If G is a split real Lie group of rank 2, for instance SL(3,R), and S is a closed surface of genus at least 2, then Labourie showed that every Hitchin representation of pi_1(S) into G admits a unique equivariant minimal surface. As Labourie pointed out, this lets you parametrise the space of Hitchin representations by the total space of a vector bundle over the Teichmuller space of S. He conjectured that uniqueness should hold more generally, at least for all SL(n,R).

In joint work with Nathaniel Sagman, we show that for any split G of rank at least 3, and for any S, there is a Hitchin representation with two distinct equivariant minimal surfaces, disproving Labourie’s conjecture. I will explain our construction, which starts from minimal surfaces in R^3, and what new questions this raises.

**Christian Urech ***Ecole Polytéchnique Fédérale de Lausanne***Cremona groups over finite fields and Neretin groups**

Cremona groups are the groups of birational transformations of the projective plane, whereas Neretin groups are the groups of almost automorphisms of rooted trees. While the first come from algebraic geometry, the second appear in low-dimensional topology. In this talk, I will introduce both of them and explain how Cremona groups embed as dense subgroups into Neretin groups if we work over a finite field. This point of view allows us to better understand both groups.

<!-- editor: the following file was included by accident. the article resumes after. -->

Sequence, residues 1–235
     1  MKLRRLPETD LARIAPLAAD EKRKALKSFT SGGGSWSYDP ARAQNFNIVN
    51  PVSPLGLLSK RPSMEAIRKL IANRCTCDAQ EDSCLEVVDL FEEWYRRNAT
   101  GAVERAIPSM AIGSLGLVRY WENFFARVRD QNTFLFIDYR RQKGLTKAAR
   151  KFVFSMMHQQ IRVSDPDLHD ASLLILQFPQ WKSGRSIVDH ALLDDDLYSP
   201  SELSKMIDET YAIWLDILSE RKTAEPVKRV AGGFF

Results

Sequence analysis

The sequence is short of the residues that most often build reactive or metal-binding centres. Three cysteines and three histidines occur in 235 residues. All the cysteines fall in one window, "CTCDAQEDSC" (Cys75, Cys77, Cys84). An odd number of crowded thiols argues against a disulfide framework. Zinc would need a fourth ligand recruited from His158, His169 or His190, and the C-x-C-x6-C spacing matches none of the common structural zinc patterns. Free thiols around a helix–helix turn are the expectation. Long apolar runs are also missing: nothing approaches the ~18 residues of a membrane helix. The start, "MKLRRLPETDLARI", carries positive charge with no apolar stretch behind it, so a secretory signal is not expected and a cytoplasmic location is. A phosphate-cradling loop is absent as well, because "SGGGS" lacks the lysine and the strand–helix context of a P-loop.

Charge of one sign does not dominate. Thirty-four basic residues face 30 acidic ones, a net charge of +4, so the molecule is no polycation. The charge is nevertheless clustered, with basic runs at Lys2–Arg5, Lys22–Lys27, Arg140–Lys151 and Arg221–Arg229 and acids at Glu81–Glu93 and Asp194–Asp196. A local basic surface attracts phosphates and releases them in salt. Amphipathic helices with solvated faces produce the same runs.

**Morgan Weiler ***Cornell University***Low-dimensional symplectic geometry from embedded contact homology computations**

Embedded contact homology (ECH) is a 3D Floer-type homology theory due to Hutchings. Its access to both symplectic and topological information means that it is well-suited to solving problems in low-dimensional symplectic and contact geometry. We will explain recent applications to surface dynamics and 4D symplectic embeddings, which require understanding ECH at the chain level in new topological and geometric settings, including its cobordism maps. In part based on several recent and upcoming joint works with Magill, McDuff, Nelson, and Pires.

## Date and Location

**January 27, 2023**

Max Planck Institute for Mathematics in the Sciences

Videobroadcast

Virtual event - Videobroadcast

## Scientific Organizers

**Anna Wienhard**

MPI for Mathematics in the Sciences

## Administrative Contact

**Katharina Matschke**

MPI for Mathematics in the Sciences